Thomas v. Keith Hensel Optical Labs

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Thomas v. Keith Hensel Optical Labs
1982 OK 120
653 P.2d 201
Case Number: 57438
Decided: 10/12/1982
Supreme Court of Oklahoma

HENRY THOMAS, APPELLANT,
v.
KEITH HENSEL OPTICAL LABS, CASUALTY RECIPROCAL EXCHANGE, AND THE WORKERS' COMPENSATION COURT, APPELLEES.

On Certiorari to the Court of Appeals, Div. 2.

¶0 A proceeding by claimant to review order of the Workers' Compensation Court, Bill V. Cross, Judge - affirmed by an appellate panel (composed of Judges Mary Elizabeth Cox, Dick Lynn and Larry C. Brawner) and reversed by the Court of Appeals - which denies compensation upon a finding that the accident in controversy did not arise out of and in the course of employment. Certiorari was granted and

OPINION OF THE COURT OF APPEALS VACATED AND ORDER OF THE TRIAL TRIBUNAL REINSTATED.

Jim Grennan, Grennan, Faulkner & Koenig, Oklahoma City, for appellant.

Bruce V. Winston, Stewart & Elder, Oklahoma City, for appellees.

OPALA, Justice:

[653 P.2d 202]

¶1 The issue presented on certiorari is whether every injury that occurs on an employer-provided parking lot while a claimant is going to or coming from work does, as a matter of law, arise out of and in the course of employment. We answer in the negative.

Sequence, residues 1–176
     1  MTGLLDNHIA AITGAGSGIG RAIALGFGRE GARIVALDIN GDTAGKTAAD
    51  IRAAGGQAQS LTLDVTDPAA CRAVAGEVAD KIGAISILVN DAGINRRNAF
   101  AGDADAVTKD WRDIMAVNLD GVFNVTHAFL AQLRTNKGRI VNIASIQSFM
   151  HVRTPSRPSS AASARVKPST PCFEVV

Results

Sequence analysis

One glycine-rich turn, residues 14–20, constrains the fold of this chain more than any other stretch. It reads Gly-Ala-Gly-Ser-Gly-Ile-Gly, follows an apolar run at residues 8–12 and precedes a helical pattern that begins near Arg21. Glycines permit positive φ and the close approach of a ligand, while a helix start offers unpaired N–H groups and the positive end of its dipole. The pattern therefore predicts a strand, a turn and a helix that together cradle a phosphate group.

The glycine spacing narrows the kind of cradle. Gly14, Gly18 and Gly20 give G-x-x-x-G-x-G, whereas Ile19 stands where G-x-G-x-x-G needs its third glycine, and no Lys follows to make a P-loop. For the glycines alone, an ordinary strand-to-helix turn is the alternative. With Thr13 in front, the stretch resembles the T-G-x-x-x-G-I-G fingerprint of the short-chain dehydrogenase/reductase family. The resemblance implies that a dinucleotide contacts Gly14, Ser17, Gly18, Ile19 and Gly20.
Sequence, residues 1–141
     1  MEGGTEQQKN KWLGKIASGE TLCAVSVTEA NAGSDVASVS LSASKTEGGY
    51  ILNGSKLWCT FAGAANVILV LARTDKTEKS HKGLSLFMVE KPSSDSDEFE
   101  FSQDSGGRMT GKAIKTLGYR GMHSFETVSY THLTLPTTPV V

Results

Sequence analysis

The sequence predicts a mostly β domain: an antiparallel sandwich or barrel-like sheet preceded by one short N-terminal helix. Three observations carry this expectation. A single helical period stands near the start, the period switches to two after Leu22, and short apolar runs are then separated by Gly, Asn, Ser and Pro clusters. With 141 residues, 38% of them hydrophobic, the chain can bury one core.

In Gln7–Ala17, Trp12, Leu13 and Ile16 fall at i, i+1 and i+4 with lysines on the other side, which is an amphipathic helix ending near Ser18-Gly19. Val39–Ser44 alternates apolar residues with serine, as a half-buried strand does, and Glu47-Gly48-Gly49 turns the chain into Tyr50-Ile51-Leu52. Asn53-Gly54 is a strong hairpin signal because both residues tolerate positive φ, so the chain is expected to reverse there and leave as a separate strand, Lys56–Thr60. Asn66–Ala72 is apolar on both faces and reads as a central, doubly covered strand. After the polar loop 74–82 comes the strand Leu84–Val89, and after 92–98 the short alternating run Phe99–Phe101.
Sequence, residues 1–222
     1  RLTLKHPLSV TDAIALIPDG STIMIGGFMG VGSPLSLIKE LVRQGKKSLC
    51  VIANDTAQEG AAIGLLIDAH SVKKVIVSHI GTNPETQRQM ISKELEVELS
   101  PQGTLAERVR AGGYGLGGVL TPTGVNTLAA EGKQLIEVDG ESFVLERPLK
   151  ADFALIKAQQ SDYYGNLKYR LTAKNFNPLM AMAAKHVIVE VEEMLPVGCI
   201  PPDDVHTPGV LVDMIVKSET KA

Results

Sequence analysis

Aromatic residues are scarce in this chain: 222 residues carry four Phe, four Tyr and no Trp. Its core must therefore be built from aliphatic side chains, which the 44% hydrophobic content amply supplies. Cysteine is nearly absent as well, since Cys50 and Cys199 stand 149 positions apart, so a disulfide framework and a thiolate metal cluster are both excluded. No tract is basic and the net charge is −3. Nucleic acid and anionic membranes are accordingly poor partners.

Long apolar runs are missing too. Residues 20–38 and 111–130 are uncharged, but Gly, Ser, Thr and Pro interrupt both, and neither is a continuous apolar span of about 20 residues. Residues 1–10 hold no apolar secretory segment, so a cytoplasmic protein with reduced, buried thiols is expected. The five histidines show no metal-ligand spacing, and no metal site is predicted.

¶2 Henry Thomas [Claimant] was employed as a lens grinder by Hensel Optical Labs [Employer]. On the morning of the accident the claimant's supervisor informed the staff that the lab would close early that day due to inclement weather and advised the employees they should take only thirty minutes for lunch instead of the normal one hour lunch break beginning at twelve o'clock. About five minutes before the noon hour the claimant left his work station to go to the parking lot for the purpose of removing ice from the windshield of his car prior to departing for lunch. Before he reached the car, the claimant slipped on the ice and injured his neck.

¶3 The trial judge found that the injury sustained was not one "arising out of or [sic] in the course of Claimant's employment". [Emphasis added]. The order denying compensation was affirmed by an appellate panel of the Workers' Compensation Court. The Court of Appeals vacated the order, holding that the trial tribunal applied the wrong rule because an injury sustained on an employer-provided parking lot while an employee is going to or coming from work is compensable as a matter of law. We granted certiorari and now vacate the decision of the appellate court. We hold that the statutory on-the-job protection afforded workers by our law does not provide them with insurance against all accidents that occur within the workplace premises. To be compensable, an accidental injury must not only occur in the course of, but it must also arise out of, the worker's employment.

¶4 Under Oklahoma's Workers' Compensation Act [Act], compensation is due an injured employee only when his injury satisfies both the requirements of "arising out of" and "in the course of" his employment.

¶5 A determination that an injury "arises out of employment contemplates a causal relationship between the act engaged in at the time injury occurs and the requirements of employment, while a determination that the injury occurred "in the course of" employment relates to the time, place or circumstances under which the injury is sustained.